Escoffier Online graduate & Executive Chef/Owner Lance McWhorter in his restaurant kitchen

Competing on Food Network’s “Chopped”

Beyond becoming the best chef he can be, Lance also wants to help veterans who are looking for their next steps.

“I always kind of harp on trying to get more veterans in the kitchen,” he says. When his wife suggested that he apply to “Chopped” on the Food Network to get more visibility for that message, he initially resisted. But after thinking about it, he felt like “Chopped” was an honest cooking competition without the gimmicks of some other shows. So he applied and was accepted!

Lance filmed his episode in 2018, and it aired in 2020. It was a long day, but he enjoyed the experience. He made it to the dessert round before he was “chopped.”

“Don’t tell my pastry instructor that,” he jokes.

Culture ETX Restaurant

In 2019, Lance moved back to his roots in East Texas, where he opened his current restaurant, Culture ETX.

Escoffier Online graduate & Executive Chef/Owner Lance McWhorter pouring broth over a mussels dish

Escoffier Online graduate & Executive Chef/Owner Lance McWhorter pouring broth over a mussels dish

“I traveled so much in the military and as a security contractor, and I was exposed to so many cultures,” Lance says. “I always had a passion for food and dining. So when everyone else was out partying, I would dive into the local culture where they didn’t speak English and eat there.”

At Culture ETX, Lance combines inspiration from his international travels with the way his East Texas grandma taught him to cook. It’s a little soul food, a little creole, and a little world cuisine all in one.

Lance McWhorter, Food Network “Chopped” contestant, Executive Chef & Owner of Culture ETX, and Escoffier Online Culinary Arts graduate“I like having a place people can go to that will satisfy everyone. We will always have something you want. Homemade pasta or awesome tacos. Spanish-inspired octopus with Mexican influences. It’s me on a plate, on the walls, on the soundtrack, in the art. It’s my own little Generation X anthem.”
Lance McWhorter, Escoffier Online Graduate; Executive Chef/Owner, Culture ETX; Food Network’s “Chopped” Contestant

Cochon 555

Another exciting milestone for Lance was being invited to compete in Cochon 555 in 2020. As he describes it: “Cochon 555 is a very prestigious heritage pork whole animal utilization competition. They have nine stops in the U.S., with five chefs and five farmers at each stop. You get paired up with a farm, and you get a whole pig, but you have to prepare six dishes to feed 13 judges and about 500 to 600 attendees.”

And his team won!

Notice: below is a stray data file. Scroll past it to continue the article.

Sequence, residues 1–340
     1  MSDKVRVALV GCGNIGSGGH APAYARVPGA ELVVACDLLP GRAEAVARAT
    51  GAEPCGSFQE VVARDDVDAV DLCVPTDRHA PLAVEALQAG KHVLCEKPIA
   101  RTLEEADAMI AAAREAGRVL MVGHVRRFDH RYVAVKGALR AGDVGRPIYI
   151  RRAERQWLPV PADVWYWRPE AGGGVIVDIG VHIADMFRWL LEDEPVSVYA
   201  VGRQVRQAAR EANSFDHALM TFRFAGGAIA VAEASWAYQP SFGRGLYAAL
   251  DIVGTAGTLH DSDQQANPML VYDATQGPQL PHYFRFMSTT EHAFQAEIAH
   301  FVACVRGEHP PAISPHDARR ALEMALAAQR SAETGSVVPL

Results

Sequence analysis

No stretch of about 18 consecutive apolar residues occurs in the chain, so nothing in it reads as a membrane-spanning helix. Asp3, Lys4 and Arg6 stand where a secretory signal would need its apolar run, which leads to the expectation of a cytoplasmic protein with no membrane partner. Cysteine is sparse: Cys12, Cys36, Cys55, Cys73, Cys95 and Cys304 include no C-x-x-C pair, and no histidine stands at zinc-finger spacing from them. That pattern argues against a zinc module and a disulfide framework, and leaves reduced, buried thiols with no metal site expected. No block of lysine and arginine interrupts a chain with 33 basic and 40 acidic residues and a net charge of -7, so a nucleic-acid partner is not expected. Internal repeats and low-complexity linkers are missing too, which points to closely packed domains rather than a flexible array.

The local winners assemble for a final competition at Grand Cochon in Chicago, but the 2020 finale was delayed due to COVID-19. He’s looking forward to competing again when the competition resumes.

Veterans Find a Natural Home in the Kitchen

Lance feels that the culinary world is particularly attractive to veterans.

“There’s structure, attention to detail, sometimes a little chaos,” Lance says. “You feel at home on the line, like an extension of military life…When you look at [Auguste] Escoffier, he was a French military guy. The brigade system is based on military ranks.”

That brigade de cuisine hierarchy is very comfortable for veterans who want to know exactly where they stand within an organization. Plus, Lance finds that there’s a similar esprit de corps in a kitchen—a feeling of pride and fellowship with your team.

Lance McWhorter, Food Network “Chopped” contestant, Executive Chef & Owner of Culture ETX, and Escoffier Online Culinary Arts graduate“I harp on getting more veterans to the kitchen—it’s a good world for us. …That structure definitely helps fill that void, the loss [of leaving the military].”
Lance McWhorter, Escoffier Online Graduate; Executive Chef/Owner, Culture ETX; Food Network’s “Chopped” Contestant

Lance encourages veterans re-entering civilian life to remember that they’re starting from scratch.

“You can’t just go to culinary school and go work at a restaurant and be the chef,” he says. “You’re gonna have to dig in and work hard and learn. And military people adapt really well to that. We’re used to changing duty stations or going to a new unit.”

He also reminds veterans that when they’re transitioning back into a new career, they’ll be working alongside some very young coworkers!

“You’re out there with 22-year-old kids who are really good and 10 to 20 years younger. I’ve worked with some line cooks that were half my age and terrified me to work around,” he laughs.

Escoffier Online Graduate & Executive Chef/Owner Lance McWhorter plating a seafood dish in his restaurant

Escoffier Online Graduate & Executive Chef/Owner Lance McWhorter plating a seafood dish in his restaurant

Lance McWhorter, Food Network “Chopped” contestant, Executive Chef & Owner of Culture ETX, and Escoffier Online Culinary Arts graduate“Whether it be in the culinary world or another profession, just don’t lose sight of that goal that you’ve set for yourself. Don’t be discouraged.”
Lance McWhorter, Escoffier Online Graduate; Executive Chef/Owner, Culture ETX; Food Network’s “Chopped” Contestant

Keep Looking Forward

It can be tempting for veterans to live in the past instead of focusing on their futures.

“Don’t lean too heavily on the vet status things,” Lance suggests. “Remember it, embrace it, enjoy the respect and admiration that comes with it. But put your brain into what you’re doing. If you want to be a chef, be the best.”

That’s what Lance has been doing, and it’s paid off.

At Escoffier, we are grateful and proud of all of our military service members. With our Boulder campus designated a Military Friendly® school, Escoffier embraces both veterans and active-duty military, as well as their spouses. Get some guidance in your transition from military service to food service and start an exciting new career in the kitchen!

Learn more about online culinary education for military and veteran students: